Anthony S Manera was appointed to the presidency of Canada’s public broadcaster, CBC/Radio-Canada for a five year term in 1994. A year later, he resigned in protest over the hundreds of millions of dollars in budget cuts and shortfall he was to preside over and which would compromise the broadcasters ability to fulfill its mandate to “reflect Canada and its regions to national and regional audiences, while serving the special needs of those regions,”
Since then the CBC has seen several more budget cuts and more job losses. In 1996, a year after the resignation Anthony “Tony” Manera wrote a book after his experience called “A Dream Betrayed: The Battle for the CBC” He has just written an update for 2015.
“I will not preside over the dismantling of the CBC,” Tony Manera
One of those many subsequent budget cuts since Manera’s resignation included an approximate 80% cut to RCI’s budget, with an equivalent staff loss, the end of shortwave broadcasting and the transmitter site dismantled, as the remaining service was transformed into its current web-based operation.
In early 2014 another 657 jobs were eliminated across CBC/Radio-Canada due to another $130 million dollar budget cut. Current president Hubert Lacroix said at the time that another 1000 to 1,500 positions would be eliminated by 2020.
In Manera’s case, the day after he learned of the cuts during his presidency. he resigned citing personal reasons in a letter to the then Prime Minister Jean Chretien.
However, he later told Macleans magazine about his letter of resignation, “I was simply trying to be a good soldier and not raise a fuss. Now that somebody is pushing these kind of lines I have to come right out and say, look, the ‘personal reasons’ are that what is happening to the CBC affects me very much. I believe in the institution.”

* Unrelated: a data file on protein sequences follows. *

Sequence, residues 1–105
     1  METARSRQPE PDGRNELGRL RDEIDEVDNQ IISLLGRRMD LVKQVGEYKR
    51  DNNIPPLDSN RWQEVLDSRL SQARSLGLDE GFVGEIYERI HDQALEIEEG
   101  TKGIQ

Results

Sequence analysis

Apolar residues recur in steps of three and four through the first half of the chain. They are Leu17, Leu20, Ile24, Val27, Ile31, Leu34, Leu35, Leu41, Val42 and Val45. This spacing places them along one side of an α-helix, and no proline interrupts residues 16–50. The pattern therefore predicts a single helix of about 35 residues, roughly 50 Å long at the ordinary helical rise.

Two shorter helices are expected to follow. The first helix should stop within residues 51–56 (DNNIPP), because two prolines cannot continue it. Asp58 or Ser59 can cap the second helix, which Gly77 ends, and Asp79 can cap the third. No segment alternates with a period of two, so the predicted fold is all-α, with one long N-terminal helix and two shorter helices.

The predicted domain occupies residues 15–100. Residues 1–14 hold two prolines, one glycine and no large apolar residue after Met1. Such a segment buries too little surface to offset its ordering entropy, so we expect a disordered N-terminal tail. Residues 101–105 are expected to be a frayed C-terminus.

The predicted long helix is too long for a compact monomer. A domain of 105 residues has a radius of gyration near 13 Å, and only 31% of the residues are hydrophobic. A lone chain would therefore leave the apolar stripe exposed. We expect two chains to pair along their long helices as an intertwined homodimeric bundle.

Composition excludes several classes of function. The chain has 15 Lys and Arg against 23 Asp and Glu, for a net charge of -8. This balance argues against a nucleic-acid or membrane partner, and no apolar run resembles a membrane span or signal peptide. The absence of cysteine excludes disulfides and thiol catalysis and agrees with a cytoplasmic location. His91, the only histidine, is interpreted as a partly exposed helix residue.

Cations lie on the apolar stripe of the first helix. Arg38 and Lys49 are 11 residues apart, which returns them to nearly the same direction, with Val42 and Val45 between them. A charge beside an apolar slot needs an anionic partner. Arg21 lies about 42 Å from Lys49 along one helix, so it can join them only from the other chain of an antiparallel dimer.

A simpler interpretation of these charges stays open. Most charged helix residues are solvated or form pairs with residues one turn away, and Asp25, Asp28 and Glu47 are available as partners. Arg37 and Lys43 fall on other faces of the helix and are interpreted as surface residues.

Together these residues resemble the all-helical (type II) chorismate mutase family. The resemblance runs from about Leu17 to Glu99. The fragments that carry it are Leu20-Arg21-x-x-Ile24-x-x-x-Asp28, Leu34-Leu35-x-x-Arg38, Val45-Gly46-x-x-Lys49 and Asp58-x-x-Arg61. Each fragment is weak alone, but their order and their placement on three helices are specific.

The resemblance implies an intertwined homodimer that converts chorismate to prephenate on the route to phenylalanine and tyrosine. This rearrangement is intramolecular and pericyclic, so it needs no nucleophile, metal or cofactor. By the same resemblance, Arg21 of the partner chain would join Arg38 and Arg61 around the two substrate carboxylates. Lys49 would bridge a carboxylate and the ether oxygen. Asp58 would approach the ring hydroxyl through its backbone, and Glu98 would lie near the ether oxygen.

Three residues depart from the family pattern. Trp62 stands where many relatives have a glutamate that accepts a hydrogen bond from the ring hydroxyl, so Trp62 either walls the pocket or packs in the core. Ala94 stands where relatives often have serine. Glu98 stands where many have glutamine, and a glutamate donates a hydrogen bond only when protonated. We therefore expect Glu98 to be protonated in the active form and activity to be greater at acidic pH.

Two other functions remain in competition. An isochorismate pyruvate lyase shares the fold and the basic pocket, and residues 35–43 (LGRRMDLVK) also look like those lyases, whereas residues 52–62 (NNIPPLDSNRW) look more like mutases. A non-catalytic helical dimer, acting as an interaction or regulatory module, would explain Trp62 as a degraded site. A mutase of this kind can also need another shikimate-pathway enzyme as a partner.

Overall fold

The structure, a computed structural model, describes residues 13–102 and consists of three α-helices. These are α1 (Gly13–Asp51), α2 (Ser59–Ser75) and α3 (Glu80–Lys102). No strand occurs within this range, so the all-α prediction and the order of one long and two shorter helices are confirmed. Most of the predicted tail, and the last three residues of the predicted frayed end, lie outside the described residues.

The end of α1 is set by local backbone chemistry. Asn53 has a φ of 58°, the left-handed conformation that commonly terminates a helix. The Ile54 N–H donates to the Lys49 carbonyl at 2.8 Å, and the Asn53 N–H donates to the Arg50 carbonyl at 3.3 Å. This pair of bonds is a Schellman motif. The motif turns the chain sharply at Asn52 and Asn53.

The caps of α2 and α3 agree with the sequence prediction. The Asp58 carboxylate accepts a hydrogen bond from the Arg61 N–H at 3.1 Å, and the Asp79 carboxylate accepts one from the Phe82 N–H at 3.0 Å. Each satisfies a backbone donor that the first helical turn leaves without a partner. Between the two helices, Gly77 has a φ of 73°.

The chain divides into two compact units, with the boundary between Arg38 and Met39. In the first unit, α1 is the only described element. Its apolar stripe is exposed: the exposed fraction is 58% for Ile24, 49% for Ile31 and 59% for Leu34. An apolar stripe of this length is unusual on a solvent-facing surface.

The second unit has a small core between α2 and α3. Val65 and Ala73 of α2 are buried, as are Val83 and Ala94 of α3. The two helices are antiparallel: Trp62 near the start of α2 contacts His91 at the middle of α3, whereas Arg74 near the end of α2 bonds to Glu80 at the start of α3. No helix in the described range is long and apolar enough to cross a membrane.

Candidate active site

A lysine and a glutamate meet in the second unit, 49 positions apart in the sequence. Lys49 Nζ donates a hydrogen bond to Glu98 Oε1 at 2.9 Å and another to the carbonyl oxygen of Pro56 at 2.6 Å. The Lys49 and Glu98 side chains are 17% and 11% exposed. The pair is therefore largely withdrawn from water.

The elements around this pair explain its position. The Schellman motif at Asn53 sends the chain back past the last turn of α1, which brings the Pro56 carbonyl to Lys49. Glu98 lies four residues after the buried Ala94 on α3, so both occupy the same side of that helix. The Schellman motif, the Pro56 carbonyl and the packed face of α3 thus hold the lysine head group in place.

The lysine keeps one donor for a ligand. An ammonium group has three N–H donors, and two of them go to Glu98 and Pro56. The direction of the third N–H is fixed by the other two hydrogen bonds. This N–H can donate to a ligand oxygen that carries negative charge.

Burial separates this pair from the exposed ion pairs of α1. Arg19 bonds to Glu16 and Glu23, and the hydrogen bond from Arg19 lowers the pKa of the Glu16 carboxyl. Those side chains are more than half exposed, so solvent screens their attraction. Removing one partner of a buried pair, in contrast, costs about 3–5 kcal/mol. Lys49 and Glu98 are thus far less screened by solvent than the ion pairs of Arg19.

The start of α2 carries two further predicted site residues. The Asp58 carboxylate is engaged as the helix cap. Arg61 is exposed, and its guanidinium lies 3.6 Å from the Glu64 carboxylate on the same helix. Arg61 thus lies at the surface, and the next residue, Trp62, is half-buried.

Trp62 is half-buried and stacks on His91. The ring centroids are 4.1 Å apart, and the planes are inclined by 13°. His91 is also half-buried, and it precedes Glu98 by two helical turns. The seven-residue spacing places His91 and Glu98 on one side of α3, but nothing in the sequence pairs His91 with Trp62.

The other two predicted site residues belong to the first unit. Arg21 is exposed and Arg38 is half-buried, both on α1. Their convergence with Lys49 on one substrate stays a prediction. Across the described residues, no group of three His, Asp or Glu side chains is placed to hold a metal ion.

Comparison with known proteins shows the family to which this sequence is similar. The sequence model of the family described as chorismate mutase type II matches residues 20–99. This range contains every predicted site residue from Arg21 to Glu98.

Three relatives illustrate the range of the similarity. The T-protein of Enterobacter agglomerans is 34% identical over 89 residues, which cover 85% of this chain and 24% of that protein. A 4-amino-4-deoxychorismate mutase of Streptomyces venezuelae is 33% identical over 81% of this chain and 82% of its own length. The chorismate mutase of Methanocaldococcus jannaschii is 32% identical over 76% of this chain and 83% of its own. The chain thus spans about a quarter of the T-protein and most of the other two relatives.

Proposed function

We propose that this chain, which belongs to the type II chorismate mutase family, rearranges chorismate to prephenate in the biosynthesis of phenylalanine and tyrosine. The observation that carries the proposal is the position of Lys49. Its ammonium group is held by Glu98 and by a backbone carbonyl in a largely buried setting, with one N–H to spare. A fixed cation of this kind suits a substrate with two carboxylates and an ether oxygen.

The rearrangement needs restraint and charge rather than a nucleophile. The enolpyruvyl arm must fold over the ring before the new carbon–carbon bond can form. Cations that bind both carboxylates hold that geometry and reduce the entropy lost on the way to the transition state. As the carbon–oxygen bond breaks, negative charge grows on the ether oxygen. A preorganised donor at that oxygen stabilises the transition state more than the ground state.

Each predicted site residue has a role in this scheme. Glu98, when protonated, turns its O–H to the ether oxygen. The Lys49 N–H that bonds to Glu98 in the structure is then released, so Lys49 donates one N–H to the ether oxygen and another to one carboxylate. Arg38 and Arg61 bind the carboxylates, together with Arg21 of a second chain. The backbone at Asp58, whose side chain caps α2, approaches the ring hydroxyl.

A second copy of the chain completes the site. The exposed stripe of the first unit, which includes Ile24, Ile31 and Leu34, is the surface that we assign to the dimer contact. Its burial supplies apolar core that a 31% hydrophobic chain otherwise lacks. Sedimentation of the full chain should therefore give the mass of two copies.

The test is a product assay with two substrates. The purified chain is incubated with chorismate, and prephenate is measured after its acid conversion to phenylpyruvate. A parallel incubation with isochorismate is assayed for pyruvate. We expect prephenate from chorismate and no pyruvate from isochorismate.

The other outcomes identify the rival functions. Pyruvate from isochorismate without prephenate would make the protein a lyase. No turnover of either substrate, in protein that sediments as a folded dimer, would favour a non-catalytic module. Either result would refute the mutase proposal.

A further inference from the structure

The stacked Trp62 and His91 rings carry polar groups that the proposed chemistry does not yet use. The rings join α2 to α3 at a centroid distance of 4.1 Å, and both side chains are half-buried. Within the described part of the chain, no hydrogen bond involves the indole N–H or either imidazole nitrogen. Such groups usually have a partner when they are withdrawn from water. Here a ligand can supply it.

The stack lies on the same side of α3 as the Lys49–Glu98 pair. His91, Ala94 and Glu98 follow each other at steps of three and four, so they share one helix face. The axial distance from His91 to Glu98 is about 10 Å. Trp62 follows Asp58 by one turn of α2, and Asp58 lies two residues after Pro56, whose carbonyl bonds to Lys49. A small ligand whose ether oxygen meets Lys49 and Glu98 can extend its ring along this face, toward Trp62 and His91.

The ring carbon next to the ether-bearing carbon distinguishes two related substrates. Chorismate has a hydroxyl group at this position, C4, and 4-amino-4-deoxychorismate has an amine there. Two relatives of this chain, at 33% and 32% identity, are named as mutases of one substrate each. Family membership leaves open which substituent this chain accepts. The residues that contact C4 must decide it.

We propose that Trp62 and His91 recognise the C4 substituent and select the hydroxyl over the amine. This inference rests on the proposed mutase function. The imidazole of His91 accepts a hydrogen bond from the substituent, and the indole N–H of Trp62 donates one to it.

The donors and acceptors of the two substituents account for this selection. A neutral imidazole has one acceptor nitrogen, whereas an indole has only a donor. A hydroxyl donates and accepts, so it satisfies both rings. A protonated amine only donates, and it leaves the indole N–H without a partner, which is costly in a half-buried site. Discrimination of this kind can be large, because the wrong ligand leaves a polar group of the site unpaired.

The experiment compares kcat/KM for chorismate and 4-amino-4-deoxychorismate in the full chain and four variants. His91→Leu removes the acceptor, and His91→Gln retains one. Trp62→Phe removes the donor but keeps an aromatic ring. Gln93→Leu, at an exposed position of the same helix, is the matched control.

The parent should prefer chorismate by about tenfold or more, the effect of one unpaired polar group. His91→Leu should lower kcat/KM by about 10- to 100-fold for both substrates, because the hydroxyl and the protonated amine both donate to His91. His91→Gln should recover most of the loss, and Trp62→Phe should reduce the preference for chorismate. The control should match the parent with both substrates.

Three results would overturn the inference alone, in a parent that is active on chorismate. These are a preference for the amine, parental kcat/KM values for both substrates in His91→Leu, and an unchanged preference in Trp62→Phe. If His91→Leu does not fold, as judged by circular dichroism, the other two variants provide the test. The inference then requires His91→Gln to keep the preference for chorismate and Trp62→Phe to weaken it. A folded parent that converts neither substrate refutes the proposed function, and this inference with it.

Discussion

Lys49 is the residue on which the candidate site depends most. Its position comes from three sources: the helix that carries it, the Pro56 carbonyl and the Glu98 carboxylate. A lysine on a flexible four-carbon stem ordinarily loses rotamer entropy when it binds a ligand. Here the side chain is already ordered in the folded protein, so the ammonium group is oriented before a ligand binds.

“To dismantle the CBC would erode our country’s very reason for being, our belief that we as Canadians created something different on the northern half of this continent.” Tony Manera- a dream betrayed
In his book he writes. “To dismantle the CBC would erode our country’s very reason for being, our belief that we as Canadians created something different on the northern half of this continent. Why would we allow our television screens, the most powerful communication medium in history, to be dominated by the American dream? Is there no longer a Canadian dream?”
Manera notes that the CBC has to deal with a combination of challenges faced by no other public broadcaster, even though the other nations public broadcasters are better funded. This includes but is not limited to, massive spillover/competition of media from a foreign neighbour (the US), the requirement to broadcast in several languages, English French with aboriginal service, in radio, TV and now various web services as well, and across several time zones and the second biggest land mass in the world.
His new 2015 version will be available on his website in e-book version starting February 1. The updated verion examines the effect on the CBC of ever-evolving web-based platforms along with several recommendations on how to enhance the CBC’s nation-building role through stable and adequate funding, greater independence, better governance and a more transparent accountability system.